Today's Health Care Check-Up: - October 13, 2000
A Cap on Damages in Norwood-Ashcroft-McCain?
Supporters of the Norwood-Ashcroft-McCain bill claim there is a cap on
damages in this newest version of the patients’ bill of rights. But the
fact is this so-called cap is really not a cap at all. Punitive
damages may be capped in federal court, but employers would still be
subject to unlimited damage awards in at least 5 other ways:
- $5 million limit on punitive damages in federal court.
- Unlimited economic damages in federal court.
- Unlimited non-economic damages in federal court.
- Unlimited punitive damages in state court.
- Unlimited economic damages in state court.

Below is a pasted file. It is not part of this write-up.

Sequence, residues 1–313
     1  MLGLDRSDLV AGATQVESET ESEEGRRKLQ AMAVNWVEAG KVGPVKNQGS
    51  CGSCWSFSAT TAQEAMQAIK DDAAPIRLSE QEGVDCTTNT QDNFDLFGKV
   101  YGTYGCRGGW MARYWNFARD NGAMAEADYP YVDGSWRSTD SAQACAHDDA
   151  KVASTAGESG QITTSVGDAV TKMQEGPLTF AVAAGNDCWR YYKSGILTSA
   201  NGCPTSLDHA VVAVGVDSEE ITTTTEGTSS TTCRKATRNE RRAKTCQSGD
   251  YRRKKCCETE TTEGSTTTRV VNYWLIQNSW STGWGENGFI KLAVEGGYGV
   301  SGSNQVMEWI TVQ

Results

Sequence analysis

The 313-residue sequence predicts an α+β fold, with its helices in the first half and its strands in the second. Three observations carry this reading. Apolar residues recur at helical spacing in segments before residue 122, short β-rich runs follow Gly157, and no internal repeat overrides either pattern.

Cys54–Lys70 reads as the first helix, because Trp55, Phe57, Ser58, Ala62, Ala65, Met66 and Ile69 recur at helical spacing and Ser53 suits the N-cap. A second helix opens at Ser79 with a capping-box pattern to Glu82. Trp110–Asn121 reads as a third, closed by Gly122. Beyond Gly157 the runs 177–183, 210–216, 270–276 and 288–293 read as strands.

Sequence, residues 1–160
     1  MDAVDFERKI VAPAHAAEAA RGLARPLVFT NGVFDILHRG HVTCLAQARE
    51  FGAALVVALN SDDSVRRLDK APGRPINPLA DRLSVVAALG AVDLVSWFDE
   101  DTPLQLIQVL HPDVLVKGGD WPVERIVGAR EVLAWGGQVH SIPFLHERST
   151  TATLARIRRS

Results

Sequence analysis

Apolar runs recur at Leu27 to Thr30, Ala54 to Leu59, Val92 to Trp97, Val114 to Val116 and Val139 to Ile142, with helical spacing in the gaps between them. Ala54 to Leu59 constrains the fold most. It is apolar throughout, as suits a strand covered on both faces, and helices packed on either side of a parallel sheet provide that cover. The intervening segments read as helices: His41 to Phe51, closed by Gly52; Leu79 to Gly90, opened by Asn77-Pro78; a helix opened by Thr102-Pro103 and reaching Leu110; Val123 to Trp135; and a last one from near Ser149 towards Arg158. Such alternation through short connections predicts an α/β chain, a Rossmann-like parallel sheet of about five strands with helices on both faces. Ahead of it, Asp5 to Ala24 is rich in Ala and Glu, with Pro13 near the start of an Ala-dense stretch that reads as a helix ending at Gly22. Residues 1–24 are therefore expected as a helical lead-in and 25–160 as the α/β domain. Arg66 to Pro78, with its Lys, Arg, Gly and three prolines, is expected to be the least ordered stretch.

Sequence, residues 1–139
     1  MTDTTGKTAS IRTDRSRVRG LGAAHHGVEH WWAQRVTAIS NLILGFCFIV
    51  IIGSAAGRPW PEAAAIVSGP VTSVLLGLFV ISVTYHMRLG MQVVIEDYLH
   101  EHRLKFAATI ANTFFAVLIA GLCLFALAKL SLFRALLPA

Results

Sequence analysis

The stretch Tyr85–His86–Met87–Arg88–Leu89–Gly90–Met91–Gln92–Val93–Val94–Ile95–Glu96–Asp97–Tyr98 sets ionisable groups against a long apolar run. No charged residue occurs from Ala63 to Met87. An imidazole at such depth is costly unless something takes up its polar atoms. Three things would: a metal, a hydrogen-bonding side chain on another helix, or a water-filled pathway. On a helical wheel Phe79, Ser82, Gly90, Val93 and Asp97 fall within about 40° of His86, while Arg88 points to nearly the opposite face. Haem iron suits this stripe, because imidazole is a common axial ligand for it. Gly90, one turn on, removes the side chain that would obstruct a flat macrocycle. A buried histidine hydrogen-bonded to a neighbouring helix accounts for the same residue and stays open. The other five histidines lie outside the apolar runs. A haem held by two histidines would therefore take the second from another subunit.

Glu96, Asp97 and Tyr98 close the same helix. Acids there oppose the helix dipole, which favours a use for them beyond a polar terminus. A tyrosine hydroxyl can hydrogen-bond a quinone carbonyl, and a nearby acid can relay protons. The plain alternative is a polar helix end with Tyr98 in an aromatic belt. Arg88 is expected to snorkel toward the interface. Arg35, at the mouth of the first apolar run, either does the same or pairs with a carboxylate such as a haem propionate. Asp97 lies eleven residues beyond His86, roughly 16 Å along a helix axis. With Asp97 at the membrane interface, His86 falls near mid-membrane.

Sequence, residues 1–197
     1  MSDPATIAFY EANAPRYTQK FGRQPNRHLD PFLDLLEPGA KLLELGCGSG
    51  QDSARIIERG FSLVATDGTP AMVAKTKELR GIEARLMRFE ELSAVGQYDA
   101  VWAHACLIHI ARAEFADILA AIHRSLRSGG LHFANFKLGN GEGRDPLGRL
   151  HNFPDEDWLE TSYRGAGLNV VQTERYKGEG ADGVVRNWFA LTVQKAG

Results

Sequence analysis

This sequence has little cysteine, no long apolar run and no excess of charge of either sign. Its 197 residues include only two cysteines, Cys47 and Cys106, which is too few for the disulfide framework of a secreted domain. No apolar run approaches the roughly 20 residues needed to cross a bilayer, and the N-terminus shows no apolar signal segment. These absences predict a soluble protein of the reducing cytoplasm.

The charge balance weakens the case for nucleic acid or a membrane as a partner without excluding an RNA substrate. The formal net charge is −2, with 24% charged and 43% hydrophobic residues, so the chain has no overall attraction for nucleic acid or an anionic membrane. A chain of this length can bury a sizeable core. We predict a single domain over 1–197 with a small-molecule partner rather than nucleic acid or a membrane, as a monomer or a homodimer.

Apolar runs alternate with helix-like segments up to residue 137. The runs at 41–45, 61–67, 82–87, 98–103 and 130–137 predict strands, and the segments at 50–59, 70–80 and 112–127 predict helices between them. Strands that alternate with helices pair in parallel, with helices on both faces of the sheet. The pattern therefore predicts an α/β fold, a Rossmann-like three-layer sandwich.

- Unlimited non-economic damages in state court.
- There would be unlimited opportunities for
class-action lawsuits to be filed against employers under both state
and federal laws.
The Norwood-Ashcroft-McCain bill still does not protect employers from
being hauled into court for providing health coverage to their employees.
And it still does not effectively protect employers from ruinous unlimited
lawsuits. In fact, the $5 million cap on punitive damages in federal court
offers little comfort to the average small business owner who earns
$40,000 a year and could still go bankrupt at the hands of trial lawyers.
A Patients’ Bill of Rights Shouldn’t Be a Lawyers’ Right